Hungarian Ambassador to Israel defends Hungary's migrant policy
Dr. Andor Nagy, the Hungarian ambassador to Israel, has penned a piece for The Times of Israel asking the question: "Hungary's vote on migrants: What would Israel do?"
Dr. Andor Nagy, the Hungarian Ambassador to Israel, has penned a piece for The Times of Israel asking the question: "Hungary's vote on migrants: What would Israel do?"
The ambassador writes that at the state funeral for the late Shimon Peres, former president of the State of Israel, the Hungarian prime minister, Viktor Orbán, said to him “I am lucky I was able to meet with such a historic figure before he died, and that I had the opportunity to be present personally at the funeral ceremony. This is a historic event.” This demonstrates the solidarity and friendship of Hungary with Israel.
He continued in his own words. On that Friday, my prime minister went back to Budapest after a brief half day visit, to be able to participate in preparations for a national referendum on Sunday. And indeed, Hungarians voted on the migration issue that Sunday, making history by being the first European Union Member State – and so far the only one – in which voters have been asked the question that I believe may well determine the very existence of the European Union.
Migration has become one of the biggest challenges the EU is facing now, as uncontrolled migration already played a significant role in Britain’s decision to exit from the EU.
After reading surprisingly critical reports and comments in the Israeli media on the referendum, I thought it could be useful to present the migration issue from the point of view of the Hungarian ambassador to Israel.
I’ve had the pleasure of serving as Hungary’s ambassador to Israel for the past three years, and I am now in a position to better understand the Israeli perspectives on a variety of issues, including on the defense of Israel but also on halting illegal work migration to Israel, and how similar the challenges are that Israel and Hungary face on this matter.
Millions of migrants from the Arab world and from Africa who are seeking jobs and a better standard of living, have entered Europe illegally. Among them one can also find Islamic radicals, even terrorists. Hence, as Israel itself has experienced, uncontrolled and illegal entry into either Israel or Hungary is simply not an option.
The challenge that Hungary faced was hundreds of thousands of immigrants — at the peak of the phenomenon even 10,000 per day — illegally crossing its border and aggressively and intimidatingly travelling across our country. It was then that the Hungarian government decided to restore law and order, and to protect its citizens.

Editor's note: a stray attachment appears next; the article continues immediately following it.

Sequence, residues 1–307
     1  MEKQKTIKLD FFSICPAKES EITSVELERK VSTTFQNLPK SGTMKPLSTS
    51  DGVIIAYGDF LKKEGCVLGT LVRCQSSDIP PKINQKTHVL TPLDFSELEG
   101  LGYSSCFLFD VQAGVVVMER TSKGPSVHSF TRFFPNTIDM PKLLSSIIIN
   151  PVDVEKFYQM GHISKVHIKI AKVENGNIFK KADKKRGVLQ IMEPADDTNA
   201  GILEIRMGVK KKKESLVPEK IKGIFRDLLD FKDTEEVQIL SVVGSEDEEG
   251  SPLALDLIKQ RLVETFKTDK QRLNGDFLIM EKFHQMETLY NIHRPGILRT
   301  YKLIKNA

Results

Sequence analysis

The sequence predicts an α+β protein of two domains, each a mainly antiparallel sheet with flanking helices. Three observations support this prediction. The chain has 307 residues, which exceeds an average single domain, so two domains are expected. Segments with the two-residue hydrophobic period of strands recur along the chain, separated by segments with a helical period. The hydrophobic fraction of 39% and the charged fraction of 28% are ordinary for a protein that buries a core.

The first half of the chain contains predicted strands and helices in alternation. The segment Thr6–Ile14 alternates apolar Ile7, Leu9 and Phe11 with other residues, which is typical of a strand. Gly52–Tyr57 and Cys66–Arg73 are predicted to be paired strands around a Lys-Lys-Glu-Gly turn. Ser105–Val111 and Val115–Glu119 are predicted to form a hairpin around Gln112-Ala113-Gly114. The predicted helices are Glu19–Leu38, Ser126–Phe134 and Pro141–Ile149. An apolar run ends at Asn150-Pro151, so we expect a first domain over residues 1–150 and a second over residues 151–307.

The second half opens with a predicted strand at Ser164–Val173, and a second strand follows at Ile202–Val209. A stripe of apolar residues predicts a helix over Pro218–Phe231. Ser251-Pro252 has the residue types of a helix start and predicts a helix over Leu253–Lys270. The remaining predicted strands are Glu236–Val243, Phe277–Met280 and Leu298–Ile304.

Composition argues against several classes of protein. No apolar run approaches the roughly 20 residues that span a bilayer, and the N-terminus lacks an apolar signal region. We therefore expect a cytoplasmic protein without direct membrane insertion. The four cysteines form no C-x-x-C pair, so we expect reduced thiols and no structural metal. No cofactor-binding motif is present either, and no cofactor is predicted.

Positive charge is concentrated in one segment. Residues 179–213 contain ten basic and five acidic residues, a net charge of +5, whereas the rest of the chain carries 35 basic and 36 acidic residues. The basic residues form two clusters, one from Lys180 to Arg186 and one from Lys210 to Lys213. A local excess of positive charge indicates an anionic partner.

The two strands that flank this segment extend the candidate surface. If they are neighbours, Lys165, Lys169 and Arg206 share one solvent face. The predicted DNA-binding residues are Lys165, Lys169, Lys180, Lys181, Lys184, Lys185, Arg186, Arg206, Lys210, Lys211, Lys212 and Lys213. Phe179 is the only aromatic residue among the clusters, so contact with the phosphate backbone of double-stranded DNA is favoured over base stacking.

We have built a triple defense system comprised of physical, legal and military elements. Sparing no effort, money or energy, we built a fence on the south along the Serbian-Hungarian and Croatian-Hungarian borders in record time. I see much in common with the challenge that Israel faced when thousands of illegal migrants entered via Sinai and congregated in such places as Tel Aviv’s southern neighborhoods. Israel consequently erected a fence along its border with Egypt.
Hungary tried to find a common European solution, but it turned out that there was no such plan on the table. We were compelled to act on our own to protect the security of the people living in the Hungary’s southern areas, and to safeguard Hungarian sovereignty. A decision was made in Brussels to use a quota mechanism, with no upper limit, to distribute among Member States the illegal migrants who have already entered the European Union. The EU wanted to share the burden, attempting to force this solution even on non-consenting Member States
“The goal [of the referendum] was to clarify the position that Hungarians prefer in the case of mass migration,” as Prime Minister Orbán said. “The referendum clarified that Hungarians want to decide who Hungary would take in.” Like the Israelis, Hungarians want to have the final say on who enters their country. Hungary could not agree to allow the European Union to impose upon it tens of thousands of migrants from Syria, Iraq, Libya or any other countries.
What should Hungary have done, accept the fact that from now on we are not the ones who will determine who enters our country? Hungary agrees, of course, that real refugees according to the Geneva Agreement should be accepted by law, however the majority of the people coming to Europe now from the Middle East and from Africa are not political refugees.
As is familiar to Israelis from their experience in the southern neighborhoods of Tel Aviv, receiving masses of illegal migrants creates more social, cultural, economic and religious tensions, as well as the threat from extreme Islamic terrorists that are embedded amongst them.
Read more here.